We are a forgetful people. The other day, someone asked me how old I was and I told them the wrong age. I had a three second moment of panic where I couldn’t remember, and I blurted out the first number that came to mind.
Monday is perhaps the most forgetful day of the week. We live much of our lives with this escapist drive toward the weekend, thinking those two days will fulfill all of our needs and fantasies. More sleep! More time to work on those assignments! A chance to have clean pants again! Time with people I like! Time with God! Time with my good friends Leslie Knope & Ron Swanson!
Then Monday rolls around. “How was your weekend?” someone asks. My mind goes blank. “Church was...really good,” I mutter. “What was the sermon about?” And the Monday amnesia hits me like a cartoon anvil. I remember the peace I felt. I remember thinking, this sermon was written just for me! And yet, I cannot truly recall why it was so life-changing.
As Christians, we have spent the past few weeks in anticipation of Easter. We prepared our hearts. We reflected on the cross and its significance. We felt the long, heavy pause between Good Friday and Easter Sunday--waiting for the discovery of an empty grave and a risen Savior. And then it comes. He comes. And then it’s Monday.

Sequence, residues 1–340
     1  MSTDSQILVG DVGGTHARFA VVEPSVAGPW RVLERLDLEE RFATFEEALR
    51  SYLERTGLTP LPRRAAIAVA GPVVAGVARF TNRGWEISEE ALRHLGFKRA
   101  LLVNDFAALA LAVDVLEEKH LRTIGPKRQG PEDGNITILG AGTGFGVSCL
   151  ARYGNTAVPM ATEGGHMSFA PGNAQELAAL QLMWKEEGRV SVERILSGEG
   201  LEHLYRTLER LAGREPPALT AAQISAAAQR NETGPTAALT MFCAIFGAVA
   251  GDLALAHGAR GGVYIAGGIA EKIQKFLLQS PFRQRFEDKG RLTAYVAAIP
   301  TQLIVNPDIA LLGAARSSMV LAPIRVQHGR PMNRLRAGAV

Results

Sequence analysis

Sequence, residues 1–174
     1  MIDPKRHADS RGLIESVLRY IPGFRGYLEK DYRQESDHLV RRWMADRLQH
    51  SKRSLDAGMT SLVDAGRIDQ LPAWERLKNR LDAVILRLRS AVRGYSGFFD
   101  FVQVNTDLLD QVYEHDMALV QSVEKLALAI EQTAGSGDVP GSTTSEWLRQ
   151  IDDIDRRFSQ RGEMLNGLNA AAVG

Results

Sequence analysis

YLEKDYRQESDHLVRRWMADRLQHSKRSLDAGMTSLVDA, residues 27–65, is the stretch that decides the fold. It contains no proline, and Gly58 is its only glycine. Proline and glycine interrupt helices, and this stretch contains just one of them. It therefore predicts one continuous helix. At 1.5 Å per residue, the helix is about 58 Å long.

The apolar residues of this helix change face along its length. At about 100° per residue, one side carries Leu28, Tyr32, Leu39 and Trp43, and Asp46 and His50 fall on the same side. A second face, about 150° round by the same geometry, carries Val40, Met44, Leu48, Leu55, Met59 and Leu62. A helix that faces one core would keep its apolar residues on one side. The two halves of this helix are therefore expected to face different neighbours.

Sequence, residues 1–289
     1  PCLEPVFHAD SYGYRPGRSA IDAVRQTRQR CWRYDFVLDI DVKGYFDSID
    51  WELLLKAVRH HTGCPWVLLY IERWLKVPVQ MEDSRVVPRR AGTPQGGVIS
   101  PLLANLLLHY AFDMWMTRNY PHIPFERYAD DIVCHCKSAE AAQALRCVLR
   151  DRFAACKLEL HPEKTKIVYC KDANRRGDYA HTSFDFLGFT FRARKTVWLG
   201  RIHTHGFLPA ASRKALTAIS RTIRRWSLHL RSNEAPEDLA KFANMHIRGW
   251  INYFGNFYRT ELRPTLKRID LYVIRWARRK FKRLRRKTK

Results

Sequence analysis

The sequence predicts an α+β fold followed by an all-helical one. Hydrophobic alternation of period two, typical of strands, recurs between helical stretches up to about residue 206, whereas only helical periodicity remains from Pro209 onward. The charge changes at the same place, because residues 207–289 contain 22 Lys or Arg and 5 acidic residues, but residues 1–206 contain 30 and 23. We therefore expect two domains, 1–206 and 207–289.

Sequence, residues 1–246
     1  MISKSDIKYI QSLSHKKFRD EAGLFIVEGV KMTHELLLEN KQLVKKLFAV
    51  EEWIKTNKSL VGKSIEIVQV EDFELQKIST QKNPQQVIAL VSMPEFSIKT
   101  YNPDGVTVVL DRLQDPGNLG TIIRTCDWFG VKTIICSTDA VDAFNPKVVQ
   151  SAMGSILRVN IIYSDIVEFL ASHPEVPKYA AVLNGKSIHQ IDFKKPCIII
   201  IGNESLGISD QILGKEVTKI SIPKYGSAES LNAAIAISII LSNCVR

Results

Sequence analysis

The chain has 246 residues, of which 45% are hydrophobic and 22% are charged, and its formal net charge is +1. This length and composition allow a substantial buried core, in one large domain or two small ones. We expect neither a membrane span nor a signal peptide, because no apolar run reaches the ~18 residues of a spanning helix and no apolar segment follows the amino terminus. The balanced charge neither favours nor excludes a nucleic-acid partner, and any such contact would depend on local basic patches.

A New Normal
The temptation is to treat Easter like it’s an ending. The eggs have all been found, Jesus is risen (*raised hands emoji*), we went to church, I can finally eat sugar/watch Netflix/go on social media again...and now it’s back to "normal life."
But nothing was normal after Jesus. Easter was a revolution. It was the day after which nothing was the same ever again. When a man who claims to be God rises from the dead, "business as usual" isn't a thing. From that day forward, you spend your entire life either affirming that he is risen or denying it. Easter isn’t just a time to pause and reflect on some nice truths we tend to forget about the rest of the year. It is the entire crux of our faith. It is the only reason we have to hope.
Perhaps you’ve been feeling the trudge of April. We are a third of the way through 2017, and maybe the “blank slate” you thought this year would bring has already been tainted with disappointments, mistakes, failures. Why do we think flipping a page on our calendars gives us the ability for a fresh start? From experience, I know a new year rarely brings the willpower needed to finally stick to that exercise routine I’ve been promising myself for the past five years. January 1st may bring with it the conviction that I need to love people better, but it never brings me the sustained ability to do so. January 2nd rolls around--and I’m still the same old me who couldn’t keep those resolutions last year.
A New Life
But Easter. If there was ever a time for significant life changes, it should be the Monday after. Because Easter isn’t an ending. It’s a beginning. It’s THE beginning, the fresh start all of our hearts long for. It isn’t about fluffy bunnies and pastel colors--it’s about the radical death, relentless love, and revolutionary power.
The cross, the empty grave, and the resurrected Jesus not only give us a reason to hope for change--they give us the power to change. Rather than us trying to change from our own efforts, the resurrection changes us.